Submission to National Policy Forum

Priorities for constitutional reform co-signed with members of the Democracy Network.

Statement | 29.03.23

Citizen Network is a member of the Democracy Network and we recently co-signed a submission to the National Policy Forum (NFP) Consultation on Safe & Secure Communities on the topic of constitutional reform. The statement can be read below:

The Democracy Network represents organisations and individuals working on issues of power, democracy and voice across all four nations of the UK. This submission only represents the views of the signatories (listed below).

Devolution of power to communities - Genuine devolution requires finance-raising and decision-making powers to be devolved, including to a neighbourhood level. Any plans to devolve power should include direct participatory democracy and forms of deliberative democracy (such as Citizens Assemblies and Participatory Budgeting). Boundaries for local structures need to be protected from arbitrary or politically motivated change, to allow them to develop effective democratic cultures and focus on delivering.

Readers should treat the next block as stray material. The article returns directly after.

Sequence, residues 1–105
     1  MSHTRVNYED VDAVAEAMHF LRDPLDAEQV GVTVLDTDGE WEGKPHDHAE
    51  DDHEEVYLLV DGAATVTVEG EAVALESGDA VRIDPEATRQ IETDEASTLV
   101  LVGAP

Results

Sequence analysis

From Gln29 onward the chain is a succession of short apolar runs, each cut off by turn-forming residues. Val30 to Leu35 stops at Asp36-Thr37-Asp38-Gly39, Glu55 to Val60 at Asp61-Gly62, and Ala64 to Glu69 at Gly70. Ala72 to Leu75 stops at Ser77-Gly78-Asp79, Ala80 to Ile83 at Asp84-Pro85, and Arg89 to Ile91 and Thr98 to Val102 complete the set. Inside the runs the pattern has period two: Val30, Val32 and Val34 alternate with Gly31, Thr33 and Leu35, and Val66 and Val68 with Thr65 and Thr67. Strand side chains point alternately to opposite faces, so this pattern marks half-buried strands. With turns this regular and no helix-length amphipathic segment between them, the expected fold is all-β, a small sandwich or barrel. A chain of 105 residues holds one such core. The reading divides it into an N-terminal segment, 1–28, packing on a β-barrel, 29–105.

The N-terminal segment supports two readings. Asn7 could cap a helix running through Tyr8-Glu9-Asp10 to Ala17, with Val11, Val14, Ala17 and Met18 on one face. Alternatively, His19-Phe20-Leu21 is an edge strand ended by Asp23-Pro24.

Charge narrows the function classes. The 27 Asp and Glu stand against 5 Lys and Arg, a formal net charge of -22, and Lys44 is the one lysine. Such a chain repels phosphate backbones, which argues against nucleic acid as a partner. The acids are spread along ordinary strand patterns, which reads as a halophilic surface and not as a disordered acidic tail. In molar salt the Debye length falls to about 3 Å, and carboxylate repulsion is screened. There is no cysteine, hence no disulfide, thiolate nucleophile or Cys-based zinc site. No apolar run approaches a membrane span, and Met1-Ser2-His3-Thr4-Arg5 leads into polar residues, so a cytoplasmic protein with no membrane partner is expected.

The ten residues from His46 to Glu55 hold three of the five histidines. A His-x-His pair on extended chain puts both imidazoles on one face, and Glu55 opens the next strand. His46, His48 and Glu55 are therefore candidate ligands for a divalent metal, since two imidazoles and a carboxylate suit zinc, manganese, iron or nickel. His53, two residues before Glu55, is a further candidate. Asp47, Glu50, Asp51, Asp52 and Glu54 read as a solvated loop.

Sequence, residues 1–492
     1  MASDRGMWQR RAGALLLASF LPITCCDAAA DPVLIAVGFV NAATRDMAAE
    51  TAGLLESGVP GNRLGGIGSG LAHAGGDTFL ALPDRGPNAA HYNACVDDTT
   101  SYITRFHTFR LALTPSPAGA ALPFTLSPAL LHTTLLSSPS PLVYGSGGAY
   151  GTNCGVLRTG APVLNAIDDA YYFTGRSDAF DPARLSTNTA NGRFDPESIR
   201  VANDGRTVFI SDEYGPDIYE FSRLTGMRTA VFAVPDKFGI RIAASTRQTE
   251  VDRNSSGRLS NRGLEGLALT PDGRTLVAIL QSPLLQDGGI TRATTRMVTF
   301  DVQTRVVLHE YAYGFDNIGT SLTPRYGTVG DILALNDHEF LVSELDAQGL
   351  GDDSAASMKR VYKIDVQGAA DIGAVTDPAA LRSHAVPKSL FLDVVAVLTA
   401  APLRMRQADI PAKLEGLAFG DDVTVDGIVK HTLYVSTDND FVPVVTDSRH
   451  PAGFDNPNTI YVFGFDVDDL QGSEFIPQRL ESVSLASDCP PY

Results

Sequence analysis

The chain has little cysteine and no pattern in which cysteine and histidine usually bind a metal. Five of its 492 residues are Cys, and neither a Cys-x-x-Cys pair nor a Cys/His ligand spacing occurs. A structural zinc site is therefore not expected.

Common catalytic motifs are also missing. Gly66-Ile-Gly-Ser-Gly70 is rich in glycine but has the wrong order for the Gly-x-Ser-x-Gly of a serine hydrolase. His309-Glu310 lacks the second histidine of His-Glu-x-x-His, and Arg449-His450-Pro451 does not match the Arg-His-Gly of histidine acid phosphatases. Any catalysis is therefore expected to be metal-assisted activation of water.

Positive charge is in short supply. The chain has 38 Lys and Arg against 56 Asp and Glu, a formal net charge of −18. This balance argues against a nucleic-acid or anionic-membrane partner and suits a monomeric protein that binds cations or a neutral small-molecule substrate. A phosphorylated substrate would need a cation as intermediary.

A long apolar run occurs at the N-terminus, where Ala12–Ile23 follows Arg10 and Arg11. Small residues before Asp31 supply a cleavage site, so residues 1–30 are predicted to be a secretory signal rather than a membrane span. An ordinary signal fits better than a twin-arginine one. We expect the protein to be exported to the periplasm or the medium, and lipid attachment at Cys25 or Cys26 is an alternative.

Proportional representation (PR) for general elections - Adopting PR for general and local elections would make politicians more accountable, empower voters and communities. PR is already successful where it is adopted in the nations. The introduction of PR in New Zealand led to a more diverse and representative Parliament. BME communities are disproportionately concentrated in cities; under the current electoral system this means that a significant population are not in swing seats and therefore rarely influence who represents them in Parliament. We urge the NPF to commit to replacing FPTP with PR.

House of Lords reform - We recommend a fully, or substantially, elected House with real diversity of candidates which would make for better lawmaking and scrutiny with Peers held accountable to the public. In September 2022, 55, or 7.3%, of Peers were from minority ethnic groups and 28% were women.